‘Taming the Gods: Religion and Democracy on Three Continents’ by Ian Buruma; Princeton University Press, 2010. 142pp
Reviewed by Steve Nash | October 2010
Author of the acclaimed ‘Murder in Amsterdam’ an account of the murder of Theo van Gogh, Ian Buruma has followed this up with an attempt to investigate one of the central conundrums of the modern world. What is needed apart from freedom of speech and the right to vote to hold democratic societies together? Is the rule of law enough, or do we need common values, ethics and mores? And what is the role of religion? Buruma is at pains to explain that he is not writing a polemic but is attempting to make sense of the world. Conclusions are only provisional and it is the exercise of thinking about the world that seem to Buruma the most important factor in pointing the way forward. Rational enquiry as opposed to dogmatic assertions is Buruma’s favoured weapon. The question we have to ask is if this works in illuminating the subject.
One major criticism could be the unstructured appearance of the book which appears as three self standing and to some extent unrelated chapters. The first chapter looks at the role of Christianity in the United States and examines Enlightenment thinking about religion. It also examines some historical cultural nuances as they effect and continue to effect different societies. Chapter Two examines religion in China and Japan largely from a historical perspective and Chapter Three looks at the contemporary debates around Islam in Europe. Clearly the chapters appear to be the work of separate essays and Buruma is obviously making use of his knowledge of China and Japan in producing a Chapter that seems strangely at first to be extraneous to the main subject. However throughout the book the subject matter is always of interest and the thread that runs through the book although very thin at times, just about holds.
Buruma’s main strength in his writing is the nuance he brings to each subject. By providing both historical and intellectual background he is able to leave the reader with many more questions than just simple solutions. In this way he offers some awareness of the complexities and contradictions of the world in which they live. For instance, the first chapter draws heavily on the observations of Tocqueville and demonstrates the importance of religion in the democratic life of the United States while also showing how the peculiar brand of Protestantism also favoured individualism over equality. European disdain for American religiosity is shown to disguise several differences within European countries. Bringing events up to date Buruma correctly summarises the effects of the social changes of the 1960’s across the Western World that have created the modern anxieties that can often play themselves out in an exaggerated anxiety about Islam. The chapter answers one of the questions raised. Religion is not incompatible with democracy as long as State and Church are kept separate.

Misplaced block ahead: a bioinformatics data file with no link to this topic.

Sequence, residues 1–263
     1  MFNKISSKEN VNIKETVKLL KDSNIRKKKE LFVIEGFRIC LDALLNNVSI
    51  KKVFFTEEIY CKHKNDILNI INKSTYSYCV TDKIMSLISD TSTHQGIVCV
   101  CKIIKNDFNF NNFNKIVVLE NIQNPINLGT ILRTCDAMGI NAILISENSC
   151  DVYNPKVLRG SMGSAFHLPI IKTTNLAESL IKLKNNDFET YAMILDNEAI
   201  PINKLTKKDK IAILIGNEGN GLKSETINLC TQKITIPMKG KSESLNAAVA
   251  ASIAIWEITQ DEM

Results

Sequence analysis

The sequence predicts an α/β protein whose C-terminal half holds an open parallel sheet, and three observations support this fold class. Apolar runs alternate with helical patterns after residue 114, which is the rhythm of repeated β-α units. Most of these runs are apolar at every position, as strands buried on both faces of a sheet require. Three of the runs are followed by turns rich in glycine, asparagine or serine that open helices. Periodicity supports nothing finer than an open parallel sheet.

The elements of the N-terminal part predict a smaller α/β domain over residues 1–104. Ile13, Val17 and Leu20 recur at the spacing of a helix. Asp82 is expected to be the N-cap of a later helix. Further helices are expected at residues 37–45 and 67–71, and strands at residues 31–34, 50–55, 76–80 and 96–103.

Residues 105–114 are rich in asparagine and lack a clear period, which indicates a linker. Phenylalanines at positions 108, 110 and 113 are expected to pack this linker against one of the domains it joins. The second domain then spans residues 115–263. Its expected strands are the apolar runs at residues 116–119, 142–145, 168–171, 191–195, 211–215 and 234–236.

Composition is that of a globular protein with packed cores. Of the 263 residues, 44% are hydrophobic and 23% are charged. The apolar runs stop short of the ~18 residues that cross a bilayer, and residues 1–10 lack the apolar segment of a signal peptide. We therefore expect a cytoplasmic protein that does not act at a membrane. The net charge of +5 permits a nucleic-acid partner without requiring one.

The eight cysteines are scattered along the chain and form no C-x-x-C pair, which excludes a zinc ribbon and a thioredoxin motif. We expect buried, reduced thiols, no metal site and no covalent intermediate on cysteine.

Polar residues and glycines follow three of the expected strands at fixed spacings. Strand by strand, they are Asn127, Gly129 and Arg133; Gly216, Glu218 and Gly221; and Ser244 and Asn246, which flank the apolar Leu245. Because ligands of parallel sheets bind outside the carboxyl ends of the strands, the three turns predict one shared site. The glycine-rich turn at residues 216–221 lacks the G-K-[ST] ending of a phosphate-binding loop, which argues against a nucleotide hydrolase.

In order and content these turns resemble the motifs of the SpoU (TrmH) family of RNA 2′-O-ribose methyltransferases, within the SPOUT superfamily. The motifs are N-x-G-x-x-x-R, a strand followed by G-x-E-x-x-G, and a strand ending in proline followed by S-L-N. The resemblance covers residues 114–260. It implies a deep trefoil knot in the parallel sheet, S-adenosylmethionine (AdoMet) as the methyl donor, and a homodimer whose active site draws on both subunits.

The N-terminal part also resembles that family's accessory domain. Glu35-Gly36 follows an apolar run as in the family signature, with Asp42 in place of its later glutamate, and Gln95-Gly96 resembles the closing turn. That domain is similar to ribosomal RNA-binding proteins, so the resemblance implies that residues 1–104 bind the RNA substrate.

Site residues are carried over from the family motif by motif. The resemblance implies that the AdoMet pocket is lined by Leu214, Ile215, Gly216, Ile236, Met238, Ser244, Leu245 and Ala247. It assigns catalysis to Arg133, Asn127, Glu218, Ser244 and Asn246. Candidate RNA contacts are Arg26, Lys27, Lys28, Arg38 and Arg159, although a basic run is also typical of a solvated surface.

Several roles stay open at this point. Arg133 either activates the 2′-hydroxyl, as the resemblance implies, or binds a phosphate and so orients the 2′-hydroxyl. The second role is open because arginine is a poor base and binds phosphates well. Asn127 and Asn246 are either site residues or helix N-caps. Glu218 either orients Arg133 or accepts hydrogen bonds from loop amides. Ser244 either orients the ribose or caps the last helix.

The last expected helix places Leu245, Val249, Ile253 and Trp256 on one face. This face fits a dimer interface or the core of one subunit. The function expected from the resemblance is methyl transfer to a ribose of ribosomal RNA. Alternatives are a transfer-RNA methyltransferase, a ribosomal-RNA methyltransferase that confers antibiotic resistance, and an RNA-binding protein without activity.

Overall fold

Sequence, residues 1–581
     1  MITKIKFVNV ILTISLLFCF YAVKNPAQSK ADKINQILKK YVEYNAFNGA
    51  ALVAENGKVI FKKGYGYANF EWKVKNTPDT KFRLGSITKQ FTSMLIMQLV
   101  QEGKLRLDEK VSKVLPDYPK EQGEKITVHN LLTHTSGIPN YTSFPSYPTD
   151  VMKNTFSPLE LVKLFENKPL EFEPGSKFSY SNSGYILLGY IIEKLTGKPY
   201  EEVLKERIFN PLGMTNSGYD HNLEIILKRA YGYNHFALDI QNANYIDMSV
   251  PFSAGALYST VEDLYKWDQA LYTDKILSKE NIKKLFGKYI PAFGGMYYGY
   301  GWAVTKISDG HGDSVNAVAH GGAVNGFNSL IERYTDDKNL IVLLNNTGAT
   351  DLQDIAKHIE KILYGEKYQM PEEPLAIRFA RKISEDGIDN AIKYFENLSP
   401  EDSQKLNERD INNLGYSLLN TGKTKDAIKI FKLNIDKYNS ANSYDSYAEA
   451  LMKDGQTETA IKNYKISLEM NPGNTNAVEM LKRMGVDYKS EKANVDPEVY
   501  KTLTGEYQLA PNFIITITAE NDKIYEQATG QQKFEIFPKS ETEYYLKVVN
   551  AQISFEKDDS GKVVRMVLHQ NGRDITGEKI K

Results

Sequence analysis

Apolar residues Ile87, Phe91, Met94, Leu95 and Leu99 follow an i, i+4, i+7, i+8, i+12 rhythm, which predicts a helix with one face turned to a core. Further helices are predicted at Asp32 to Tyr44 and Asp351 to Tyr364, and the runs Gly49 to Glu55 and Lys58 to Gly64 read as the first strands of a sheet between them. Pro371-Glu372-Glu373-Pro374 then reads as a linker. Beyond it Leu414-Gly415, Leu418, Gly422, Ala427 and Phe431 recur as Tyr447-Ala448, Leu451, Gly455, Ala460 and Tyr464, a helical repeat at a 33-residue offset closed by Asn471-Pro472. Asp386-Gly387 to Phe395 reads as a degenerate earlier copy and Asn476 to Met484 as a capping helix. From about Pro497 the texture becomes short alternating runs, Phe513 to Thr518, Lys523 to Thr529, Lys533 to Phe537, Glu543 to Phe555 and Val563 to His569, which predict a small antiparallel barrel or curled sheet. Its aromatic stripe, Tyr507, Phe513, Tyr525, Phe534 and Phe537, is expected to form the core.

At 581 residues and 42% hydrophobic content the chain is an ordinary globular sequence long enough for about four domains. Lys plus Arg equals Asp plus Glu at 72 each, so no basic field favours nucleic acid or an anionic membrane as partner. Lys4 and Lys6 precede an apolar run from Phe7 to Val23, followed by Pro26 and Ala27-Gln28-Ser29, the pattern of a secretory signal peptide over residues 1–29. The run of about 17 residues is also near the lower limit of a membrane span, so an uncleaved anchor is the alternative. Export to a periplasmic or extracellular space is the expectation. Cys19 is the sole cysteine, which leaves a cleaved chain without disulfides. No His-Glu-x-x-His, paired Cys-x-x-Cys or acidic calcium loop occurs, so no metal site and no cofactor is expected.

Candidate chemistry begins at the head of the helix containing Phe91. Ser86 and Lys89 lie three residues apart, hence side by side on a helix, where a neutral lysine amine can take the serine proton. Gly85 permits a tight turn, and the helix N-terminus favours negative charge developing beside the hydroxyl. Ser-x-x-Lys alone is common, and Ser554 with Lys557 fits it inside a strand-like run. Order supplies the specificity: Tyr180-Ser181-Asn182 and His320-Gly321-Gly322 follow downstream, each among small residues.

The second part feels like a bit of a diversion but adds to the sense of complexity of the questions raised. Again the thread just about holds. By examining the moral teachings of Confucius he demonstrates that morality and ethics pre-date organised religion and so religion is not necessarily needed in order for society to function.
The real meat of the book is contained in the third part which examines the reactions to the role of Islam in Europe. He demonstrates the central problem facing us today. When universal Enlightenment values (those historically associated with the left) came to be rejected in the 60’s and 70’s, multi-culturalism and relativism became mainstream. He quotes the anti-Islamic politician Gert Wilders from the Netherlands attacking Queen Bertrix for spouting ‘multi-cultural rubbish’. The same could be said of Queen Elisabeth if we weren’t too polite. Multi-culturalism which – on the surface – has an egalitarian and non-judgmental appearance also has the effect of limiting people’s aspirations to their own particular cultural background. Rather than helping to overcome society’s divisions, this can help to solidify them.
There are obviously many tensions within this multi-cultural world. As Buruma shows, a culture war between multi-culturists and secularists has been raging in one form or another for the last 50 years. It is only by taking into account this background that we can make sense of the reaction or ‘over reaction’ to Islam in Europe. The hysteria of those opposed to Islam running from the politicians in the Netherlands to writers such as Melanie Phillips in the UK only highlights the anxieties present in all sections of society. In fact as he points out some of the more strident anti-Islamists seem to share some of the same beliefs about modernity being decadent and corrupting. Buruma is surely right in showing that there is a need to re-assert social and political solutions to society’s problems rather than scare everyone with an apocalyptic ‘clash of civilizations’ narrative.
As an antidote to the present dogmatic ‘secularists’ the book is a welcome addition and corrective. Whether it is Richard Dawkins on religion or Melanie Phillips on society there is a need for cool reflection and Buruma provides this. He doesn’t however go on to offer much in the way of answers. Is this too polemical or is he afraid of entering political territory? His reasonableness can leave us with platitudes about agreeing to live and let live and abide by democratic mores. Being reasonable and gaining insights into the way the world works is a useful tool but needs to be used a bit more forcefully in order to carry some more weight in the battle of ideas.